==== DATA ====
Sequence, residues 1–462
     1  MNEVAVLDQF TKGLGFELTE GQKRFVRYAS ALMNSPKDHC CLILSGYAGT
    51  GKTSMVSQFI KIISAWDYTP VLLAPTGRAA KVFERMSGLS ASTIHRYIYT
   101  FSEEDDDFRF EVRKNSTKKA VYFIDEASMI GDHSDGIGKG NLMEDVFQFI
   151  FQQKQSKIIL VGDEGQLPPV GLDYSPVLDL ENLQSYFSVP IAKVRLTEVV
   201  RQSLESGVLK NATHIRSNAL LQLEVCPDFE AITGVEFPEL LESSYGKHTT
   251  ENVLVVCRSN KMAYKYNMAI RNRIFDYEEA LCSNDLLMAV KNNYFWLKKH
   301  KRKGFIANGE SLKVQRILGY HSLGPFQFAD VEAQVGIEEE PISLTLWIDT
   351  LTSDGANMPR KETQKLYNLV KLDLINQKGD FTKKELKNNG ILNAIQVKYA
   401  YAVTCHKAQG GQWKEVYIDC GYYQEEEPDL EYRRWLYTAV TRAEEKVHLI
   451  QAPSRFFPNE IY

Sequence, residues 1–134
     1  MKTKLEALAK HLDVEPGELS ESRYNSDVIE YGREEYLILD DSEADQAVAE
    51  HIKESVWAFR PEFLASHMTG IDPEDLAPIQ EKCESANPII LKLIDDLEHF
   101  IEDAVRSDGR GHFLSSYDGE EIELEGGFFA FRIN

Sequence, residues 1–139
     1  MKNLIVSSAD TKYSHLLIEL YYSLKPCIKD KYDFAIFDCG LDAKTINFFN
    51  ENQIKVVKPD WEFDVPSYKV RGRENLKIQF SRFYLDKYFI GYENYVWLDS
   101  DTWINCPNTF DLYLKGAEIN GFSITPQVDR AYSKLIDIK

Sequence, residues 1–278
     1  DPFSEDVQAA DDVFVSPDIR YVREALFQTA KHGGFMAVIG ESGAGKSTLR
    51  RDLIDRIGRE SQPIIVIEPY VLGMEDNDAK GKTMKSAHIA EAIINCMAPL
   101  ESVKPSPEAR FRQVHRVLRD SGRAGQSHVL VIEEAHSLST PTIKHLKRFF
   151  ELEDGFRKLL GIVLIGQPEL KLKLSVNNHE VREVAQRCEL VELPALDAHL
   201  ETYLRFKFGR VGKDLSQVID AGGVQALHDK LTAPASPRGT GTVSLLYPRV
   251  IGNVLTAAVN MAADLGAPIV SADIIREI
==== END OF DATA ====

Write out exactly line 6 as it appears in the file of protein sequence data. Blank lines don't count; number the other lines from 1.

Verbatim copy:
   201  RQSLESGVLK NATHIRSNAL LQLEVCPDFE AITGVEFPEL LESSYGKHTT